When you practice zazen you should not try to attain anything. You should just sit in the complete calmness of your mind and not rely on anything. Just keep your body straight without leaning over or against something. To keep your body straight means not to rely on anything. In this way, physically and mentally, you will obtain complete calmness. But to rely on something or try to do something in zazen is dualistic and not complete calmness.
Zen Mind, Beginner’s Mind, Shunryu Suzuki, 40th anniversary edition, p. 113
If you want to study Zen, you should forget all your previous ideas and just practice zazen and see what kind of experience you have in your practice. That is naturalness.
Zen Mind, Beginner’s Mind, Shunryu Suzuki, 40th anniversary edition p. 99
Zazen practice is a direct expression of our true nature. Strictly speaking, for a human being, there is no other practice than this practice; there is no other way of life than this way of life.
Zen Mind, Beginner’s Mind, Shunryu Suzuki, 40th anniversary edition, p. 5
When you are practicing zazen, do not try to stop your thinking. Let it stop by itself. If something comes into your mind, let it come in, and let it go out. It will not stay long. When you try to stop your thinking, it means you are bothered by it. Do not be bothered by anything. It appears as if something comes from outside your mind, but actually it is only the waves of your mind, and if you are not bothered by the waves, gradually they will become calmer and calmer.
Zen Mind, Beginner’s Mind, Shunryu Suzuki, 40th anniversary edition, p. 17, 18
When you say, “whatever I do is Buddha nature, so it doesn’t matter what I do, and there is no need to practice zazen,” that is already a dualistic understanding of our everyday life. If it really does not matter, there is no need for you even to say so. As long as you are concerned about what you do, that is dualistic.
Zen Mind, Beginner’s Mind, Shunryu Suzuki, 40th anniversary edition, p. 26
For the beginner, practice without effort is not true practice. For the beginner, the practice needs great effort.
Zen Mind, Beginner’s Mind, Shunryu Suzuki, 40th anniversary edition, p.27
You become discouraged with your practice when your practice has been idealistic. You have some gaining idea in your practice, and it is not pure enough. It is when your practice is rather greedy that you become discouraged with it. So you should be grateful that you have a sign or warning signal to show you the weak point in your practice. At that time, forgetting all about your mistake and renewing your way, you can resume your original practice. This is a very important point.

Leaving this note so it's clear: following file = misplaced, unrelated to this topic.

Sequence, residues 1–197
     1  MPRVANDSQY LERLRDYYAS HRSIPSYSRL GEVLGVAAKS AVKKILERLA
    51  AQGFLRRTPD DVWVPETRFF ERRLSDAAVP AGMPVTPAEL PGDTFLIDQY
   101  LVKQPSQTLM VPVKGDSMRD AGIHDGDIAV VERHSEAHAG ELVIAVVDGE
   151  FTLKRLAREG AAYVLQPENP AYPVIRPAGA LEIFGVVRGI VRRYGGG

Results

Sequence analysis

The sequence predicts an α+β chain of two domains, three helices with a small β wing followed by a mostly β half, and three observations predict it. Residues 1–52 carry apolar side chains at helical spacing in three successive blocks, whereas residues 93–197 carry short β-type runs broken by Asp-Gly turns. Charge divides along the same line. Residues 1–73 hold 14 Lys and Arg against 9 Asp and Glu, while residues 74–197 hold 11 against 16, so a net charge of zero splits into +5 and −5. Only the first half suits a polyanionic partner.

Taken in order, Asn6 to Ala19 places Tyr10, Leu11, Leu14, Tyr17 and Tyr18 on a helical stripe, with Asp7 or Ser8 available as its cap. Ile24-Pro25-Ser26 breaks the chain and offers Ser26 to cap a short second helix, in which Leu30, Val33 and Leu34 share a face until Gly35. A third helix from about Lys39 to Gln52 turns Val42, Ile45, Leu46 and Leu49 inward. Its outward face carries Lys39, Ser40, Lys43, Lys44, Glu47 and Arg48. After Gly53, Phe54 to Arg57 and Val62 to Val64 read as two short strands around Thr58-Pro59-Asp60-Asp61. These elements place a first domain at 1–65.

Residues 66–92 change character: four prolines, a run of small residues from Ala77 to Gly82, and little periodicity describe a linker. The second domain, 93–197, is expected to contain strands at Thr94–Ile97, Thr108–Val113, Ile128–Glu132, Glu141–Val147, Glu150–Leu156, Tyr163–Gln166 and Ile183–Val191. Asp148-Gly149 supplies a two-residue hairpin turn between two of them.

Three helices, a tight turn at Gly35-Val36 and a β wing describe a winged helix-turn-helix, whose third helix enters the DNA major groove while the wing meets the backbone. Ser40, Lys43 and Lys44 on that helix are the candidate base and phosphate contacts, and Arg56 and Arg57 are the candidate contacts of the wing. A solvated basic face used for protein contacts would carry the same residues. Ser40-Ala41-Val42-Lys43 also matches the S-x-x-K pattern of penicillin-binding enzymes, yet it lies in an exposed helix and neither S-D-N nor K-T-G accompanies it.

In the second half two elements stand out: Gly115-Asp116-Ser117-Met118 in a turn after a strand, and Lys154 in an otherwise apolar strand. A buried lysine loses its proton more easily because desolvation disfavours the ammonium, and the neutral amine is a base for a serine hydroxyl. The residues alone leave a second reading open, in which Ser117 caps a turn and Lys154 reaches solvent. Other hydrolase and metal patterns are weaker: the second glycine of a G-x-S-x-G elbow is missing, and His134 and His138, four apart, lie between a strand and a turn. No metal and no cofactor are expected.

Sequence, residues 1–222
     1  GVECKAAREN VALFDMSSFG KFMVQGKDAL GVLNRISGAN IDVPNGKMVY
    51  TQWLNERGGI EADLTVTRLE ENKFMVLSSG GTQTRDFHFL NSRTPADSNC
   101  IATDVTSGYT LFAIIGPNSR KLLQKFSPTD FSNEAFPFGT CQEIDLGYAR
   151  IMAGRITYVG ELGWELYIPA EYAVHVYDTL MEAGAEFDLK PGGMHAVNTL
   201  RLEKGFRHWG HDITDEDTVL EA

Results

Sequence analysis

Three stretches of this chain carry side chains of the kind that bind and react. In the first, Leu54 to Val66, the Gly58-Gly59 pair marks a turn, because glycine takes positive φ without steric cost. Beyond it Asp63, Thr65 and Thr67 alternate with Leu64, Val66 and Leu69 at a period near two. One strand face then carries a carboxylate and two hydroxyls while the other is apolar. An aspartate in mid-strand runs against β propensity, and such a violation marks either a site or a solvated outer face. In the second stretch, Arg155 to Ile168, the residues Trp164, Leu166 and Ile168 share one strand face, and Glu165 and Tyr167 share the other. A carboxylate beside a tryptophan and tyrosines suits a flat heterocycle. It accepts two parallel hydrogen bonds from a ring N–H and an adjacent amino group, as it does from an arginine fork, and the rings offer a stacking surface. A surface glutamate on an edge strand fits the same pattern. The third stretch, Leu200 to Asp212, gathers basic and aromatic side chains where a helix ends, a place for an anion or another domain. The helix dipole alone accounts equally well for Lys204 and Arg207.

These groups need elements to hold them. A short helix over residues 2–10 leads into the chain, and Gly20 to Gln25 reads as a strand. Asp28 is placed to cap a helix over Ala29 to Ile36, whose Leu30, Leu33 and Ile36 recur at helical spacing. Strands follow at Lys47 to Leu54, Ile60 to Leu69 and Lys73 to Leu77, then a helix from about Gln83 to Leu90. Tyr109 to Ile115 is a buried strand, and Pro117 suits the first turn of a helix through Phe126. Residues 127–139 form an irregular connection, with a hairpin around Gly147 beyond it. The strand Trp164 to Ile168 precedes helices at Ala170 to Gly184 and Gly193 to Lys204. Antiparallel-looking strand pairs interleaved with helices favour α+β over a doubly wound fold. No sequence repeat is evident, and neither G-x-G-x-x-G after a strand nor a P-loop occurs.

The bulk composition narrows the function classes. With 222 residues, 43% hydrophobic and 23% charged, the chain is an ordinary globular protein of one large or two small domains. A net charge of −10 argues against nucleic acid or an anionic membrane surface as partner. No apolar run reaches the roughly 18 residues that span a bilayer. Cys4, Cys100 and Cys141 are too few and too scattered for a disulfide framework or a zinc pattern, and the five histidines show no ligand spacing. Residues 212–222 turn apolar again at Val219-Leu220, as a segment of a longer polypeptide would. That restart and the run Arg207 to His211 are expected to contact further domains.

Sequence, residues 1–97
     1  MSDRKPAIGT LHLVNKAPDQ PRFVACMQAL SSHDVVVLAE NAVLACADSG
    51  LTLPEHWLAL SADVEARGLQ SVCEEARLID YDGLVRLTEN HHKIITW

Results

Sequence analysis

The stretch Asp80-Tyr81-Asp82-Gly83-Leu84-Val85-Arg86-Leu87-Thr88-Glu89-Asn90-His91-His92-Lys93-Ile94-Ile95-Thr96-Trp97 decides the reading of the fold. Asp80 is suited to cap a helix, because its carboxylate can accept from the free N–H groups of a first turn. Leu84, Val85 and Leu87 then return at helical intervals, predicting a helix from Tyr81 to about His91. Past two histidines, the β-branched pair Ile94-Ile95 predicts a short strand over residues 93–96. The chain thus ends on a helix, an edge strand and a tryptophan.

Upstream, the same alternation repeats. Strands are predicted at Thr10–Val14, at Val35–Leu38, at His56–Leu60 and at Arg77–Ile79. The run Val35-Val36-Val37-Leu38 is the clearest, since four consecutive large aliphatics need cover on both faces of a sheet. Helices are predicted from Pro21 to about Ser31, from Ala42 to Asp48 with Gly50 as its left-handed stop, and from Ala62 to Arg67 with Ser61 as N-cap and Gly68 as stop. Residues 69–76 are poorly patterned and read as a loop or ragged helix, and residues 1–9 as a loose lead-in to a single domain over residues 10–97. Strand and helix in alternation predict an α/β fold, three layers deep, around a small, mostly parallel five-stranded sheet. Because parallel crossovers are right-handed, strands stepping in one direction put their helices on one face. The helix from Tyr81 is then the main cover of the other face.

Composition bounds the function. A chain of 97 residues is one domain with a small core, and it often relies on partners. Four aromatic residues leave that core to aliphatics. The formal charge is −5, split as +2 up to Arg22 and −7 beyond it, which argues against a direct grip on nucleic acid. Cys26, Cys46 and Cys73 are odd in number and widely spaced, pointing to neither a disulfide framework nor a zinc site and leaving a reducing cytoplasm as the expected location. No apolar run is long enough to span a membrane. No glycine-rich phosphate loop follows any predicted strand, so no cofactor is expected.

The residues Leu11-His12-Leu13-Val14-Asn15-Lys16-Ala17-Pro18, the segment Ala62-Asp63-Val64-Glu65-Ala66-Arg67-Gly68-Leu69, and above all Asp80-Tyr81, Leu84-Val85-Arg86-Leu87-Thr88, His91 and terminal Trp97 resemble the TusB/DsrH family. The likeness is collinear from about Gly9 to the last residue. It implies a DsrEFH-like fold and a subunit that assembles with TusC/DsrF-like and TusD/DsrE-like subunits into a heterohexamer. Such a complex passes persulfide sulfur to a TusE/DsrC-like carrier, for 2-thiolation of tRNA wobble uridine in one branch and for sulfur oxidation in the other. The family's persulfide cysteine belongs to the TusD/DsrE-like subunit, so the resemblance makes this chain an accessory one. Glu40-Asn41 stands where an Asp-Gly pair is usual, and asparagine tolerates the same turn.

Zen Mind, Beginner’s Mind, Shunryu Suzuki, 40th anniversary edition, p. 58
Another mistake will be to practice for the sake of the joy you find in it. Actually, when your practice is involved in a feeling of joy, it is not in very good shape either. Of course it is not poor practice, but compared to the true practice it is not so good. In Hinayana Buddhism, practice is classified in four ways. The best way is to just do it without having any joy in it, not even physical joy. This way is just to do it, forgetting your physical and mental feeling, forgetting all about yourself in your practice. This is the fourth stage, the highest stage. The next highest stage is to have just physical joy in your practice. At this stage you find some pleasure in practice, and you will practice because of the pleasure you find in it. In the second stage you have both mental and physical joy, or good feeling. These two middle stages are stages in which you practice zazen because you feel good in your practice. The first stage is when you have no thinking and no curiosity in your practice. These four stages also apply to Mahayana practice, and the highest is just to practice it.
Zen Mind, Beginner’s Mind, Shunryu Suzuki, 40th anniversary edition, p. 59